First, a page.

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Flashcards in respiration 5 Deck (20)
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1
Q

Solution to the high cellular demand of oxygen

A

98.5 % of oxygen is bound to Haemoglobin, only 1.5% is dissolved

2
Q

Oxygen can be _________ dissolved or ________ bound

A

physically

chemically

3
Q

Each iron molecule in the heme portion can combine with an oxygen molecule. How many O2 molecules per Hb molecule

A

4 O2 molecules per Hb molecule

4
Q

What drives the reduction reaction of Oxyhemoglobin [HbO2 Hb + O2]

A

Partial pressure drives the reaction

5
Q

The average hematocrit for women is ______, with plasma occupying _____
The average hematocrit for men is ______, with plasma occupying _____

A

42%
58%

45%
55%

6
Q

A hemoglobin molecule consists of _____ highly folded ________ (the globin portion) and four __________ heme groups.

A

four
polypeptide chains
iron-containing

7
Q

Percentage O2 carried when physically dissolved

A

1.5%

8
Q

Percentage O2 carried when bound to hemoglobin

A

98,5

9
Q

PO2 in resting cell (mm Hg)

A

40

- 75% saturation

10
Q

PO2 in alveoli (mm Hg)

A

100

- 97.5% saturation

11
Q

At 40 mmHg, ____% of all Hg must dissociate

A

25

12
Q

If tissue cells metabolize more actively, a small change in ______ (eg 10 mmHg) yields a ______ of O2 dissociation to meet metabolic demands

A

partial pressure

large amount

13
Q

Plateau between 60 and 100 mm/Hg:

A
  • large pressure change causes hardly any change in O2 content
  • Hb: “soaks up” the O2, keeping the partial pressure high for longer
14
Q

when does blood PO2 start falling to that of the surrounding tissue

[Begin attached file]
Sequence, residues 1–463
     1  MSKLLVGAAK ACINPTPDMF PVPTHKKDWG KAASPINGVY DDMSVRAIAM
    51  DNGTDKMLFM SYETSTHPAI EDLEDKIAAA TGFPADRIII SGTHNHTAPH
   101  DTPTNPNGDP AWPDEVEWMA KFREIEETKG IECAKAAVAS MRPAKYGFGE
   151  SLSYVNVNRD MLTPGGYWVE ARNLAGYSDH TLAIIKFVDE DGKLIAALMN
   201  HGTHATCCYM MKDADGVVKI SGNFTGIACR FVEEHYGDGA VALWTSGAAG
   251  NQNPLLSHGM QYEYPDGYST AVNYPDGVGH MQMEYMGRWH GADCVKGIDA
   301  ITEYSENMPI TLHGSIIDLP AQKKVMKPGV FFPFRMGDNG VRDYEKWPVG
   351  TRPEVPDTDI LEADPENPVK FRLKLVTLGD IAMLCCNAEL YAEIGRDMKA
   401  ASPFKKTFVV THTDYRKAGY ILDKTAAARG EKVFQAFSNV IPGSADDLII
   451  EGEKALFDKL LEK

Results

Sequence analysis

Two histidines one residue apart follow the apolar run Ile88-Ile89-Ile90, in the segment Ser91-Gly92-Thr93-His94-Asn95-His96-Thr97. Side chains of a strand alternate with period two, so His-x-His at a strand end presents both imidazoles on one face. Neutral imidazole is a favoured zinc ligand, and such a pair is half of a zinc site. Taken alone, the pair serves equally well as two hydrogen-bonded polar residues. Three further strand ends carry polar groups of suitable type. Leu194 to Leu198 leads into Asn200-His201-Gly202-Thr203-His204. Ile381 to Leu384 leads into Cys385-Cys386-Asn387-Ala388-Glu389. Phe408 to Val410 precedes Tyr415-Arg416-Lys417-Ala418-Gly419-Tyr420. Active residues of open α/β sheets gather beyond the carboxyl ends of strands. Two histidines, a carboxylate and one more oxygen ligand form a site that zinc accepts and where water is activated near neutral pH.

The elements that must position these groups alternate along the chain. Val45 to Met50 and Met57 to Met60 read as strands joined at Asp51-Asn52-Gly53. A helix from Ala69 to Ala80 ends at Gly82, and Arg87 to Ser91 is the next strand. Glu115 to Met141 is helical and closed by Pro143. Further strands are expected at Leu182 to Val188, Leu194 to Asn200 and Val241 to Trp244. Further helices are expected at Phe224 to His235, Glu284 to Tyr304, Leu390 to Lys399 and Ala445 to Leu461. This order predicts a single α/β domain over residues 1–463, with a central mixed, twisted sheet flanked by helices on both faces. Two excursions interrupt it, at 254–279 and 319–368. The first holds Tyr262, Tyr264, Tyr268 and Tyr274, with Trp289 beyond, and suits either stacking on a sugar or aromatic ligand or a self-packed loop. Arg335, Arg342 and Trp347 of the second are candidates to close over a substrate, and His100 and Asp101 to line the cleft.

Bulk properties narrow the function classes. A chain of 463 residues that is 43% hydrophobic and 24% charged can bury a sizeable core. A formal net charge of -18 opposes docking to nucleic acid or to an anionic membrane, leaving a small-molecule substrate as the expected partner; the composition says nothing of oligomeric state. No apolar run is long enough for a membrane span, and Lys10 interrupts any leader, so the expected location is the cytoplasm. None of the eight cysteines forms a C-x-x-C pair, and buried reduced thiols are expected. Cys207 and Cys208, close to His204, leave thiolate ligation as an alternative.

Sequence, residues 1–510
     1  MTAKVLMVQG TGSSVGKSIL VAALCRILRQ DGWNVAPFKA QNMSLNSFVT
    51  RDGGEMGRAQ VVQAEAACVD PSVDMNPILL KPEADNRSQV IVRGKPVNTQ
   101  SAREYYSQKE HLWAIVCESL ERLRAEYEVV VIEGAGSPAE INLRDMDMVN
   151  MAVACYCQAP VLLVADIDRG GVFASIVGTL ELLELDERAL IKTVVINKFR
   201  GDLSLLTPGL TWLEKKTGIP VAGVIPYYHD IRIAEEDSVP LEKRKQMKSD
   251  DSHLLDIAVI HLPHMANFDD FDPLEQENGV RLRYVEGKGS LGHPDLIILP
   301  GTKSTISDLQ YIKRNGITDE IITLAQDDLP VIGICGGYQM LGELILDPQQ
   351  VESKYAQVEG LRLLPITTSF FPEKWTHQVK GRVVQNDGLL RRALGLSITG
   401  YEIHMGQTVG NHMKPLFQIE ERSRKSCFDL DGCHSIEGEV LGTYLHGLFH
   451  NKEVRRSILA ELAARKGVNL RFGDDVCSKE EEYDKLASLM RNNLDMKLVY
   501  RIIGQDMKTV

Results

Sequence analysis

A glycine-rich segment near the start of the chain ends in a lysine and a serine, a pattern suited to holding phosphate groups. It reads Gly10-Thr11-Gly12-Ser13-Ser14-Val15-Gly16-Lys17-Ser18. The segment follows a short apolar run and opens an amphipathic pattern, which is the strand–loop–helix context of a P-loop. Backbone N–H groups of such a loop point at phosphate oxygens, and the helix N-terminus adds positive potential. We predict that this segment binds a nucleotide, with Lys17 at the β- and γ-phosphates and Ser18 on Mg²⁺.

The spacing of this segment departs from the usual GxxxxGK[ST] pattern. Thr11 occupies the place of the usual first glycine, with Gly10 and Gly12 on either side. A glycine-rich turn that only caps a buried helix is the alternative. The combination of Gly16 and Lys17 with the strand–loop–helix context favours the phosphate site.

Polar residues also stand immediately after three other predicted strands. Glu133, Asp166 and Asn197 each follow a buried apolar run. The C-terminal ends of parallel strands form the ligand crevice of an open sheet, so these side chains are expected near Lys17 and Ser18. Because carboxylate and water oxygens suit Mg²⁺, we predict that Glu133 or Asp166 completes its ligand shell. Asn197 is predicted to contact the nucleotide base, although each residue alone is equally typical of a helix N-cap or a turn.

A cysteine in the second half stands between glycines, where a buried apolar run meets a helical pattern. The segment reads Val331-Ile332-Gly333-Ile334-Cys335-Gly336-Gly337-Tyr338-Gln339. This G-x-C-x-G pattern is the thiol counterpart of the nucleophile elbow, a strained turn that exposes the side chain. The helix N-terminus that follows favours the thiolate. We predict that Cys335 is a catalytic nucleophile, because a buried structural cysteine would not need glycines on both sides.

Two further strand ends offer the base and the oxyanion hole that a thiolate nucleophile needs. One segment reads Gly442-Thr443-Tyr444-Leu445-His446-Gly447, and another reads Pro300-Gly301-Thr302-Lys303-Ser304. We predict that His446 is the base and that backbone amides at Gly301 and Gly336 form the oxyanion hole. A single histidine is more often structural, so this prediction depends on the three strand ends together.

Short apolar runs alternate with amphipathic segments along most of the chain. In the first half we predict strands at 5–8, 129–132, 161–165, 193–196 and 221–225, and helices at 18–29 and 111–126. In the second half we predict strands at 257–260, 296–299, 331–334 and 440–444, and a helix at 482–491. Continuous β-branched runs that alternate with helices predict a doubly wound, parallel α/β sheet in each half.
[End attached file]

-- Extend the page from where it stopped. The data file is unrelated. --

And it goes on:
A

Only when Hb is maximally unloaded at the given pressure gradient

15
Q

storage depot for oxygen, facilitating large net transfer by maintaining the partial pressure for longer

A

Hemoglobin

16
Q

What causes a favor in unloading?

A

increased PCO2, H+ (acid) , temperature, or 2,3-bisphosphoglycerate

17
Q

of increased PCO2, H+, temperature, and 2,3-bisphosphoglycerate causes what

A

right-shift in the curve

18
Q

Effect of increased PCO2, H+, temperature, and 2,3-bisphosphoglycerate on the O2–Hb curve

A

shift the O2–Hb curve to the right. As a result, less O2 and Hb can be combined at a given PO2 so that more O2 is unloaded from Hb for use by the tissues. Similarly, 2,3-bisphosphoglycerate, whose production is increased in red blood cells when arterial HbO2 is chronically below normal, shifts the O2–Hb curve to the right, making more of the limited O2 available at the tissue level.

19
Q

Breathing pure oxygen: can it provide more Oxygen to the tissue?

A

Very little is added

20
Q

How does carbon monoxide poisoning occur?

A

Hemoglobin: high affinity for carbon monoxide
[CO Hb affinity: 240x higher than O2]
Carboxyhemoglobin HbCO
Even small amounts of CO can make large amounts of Hb unavailable for oxygen
Odorless, colorless, tasteless, non-irritating
Not sensed: no response in ventilation
Treatment: 100% oxygen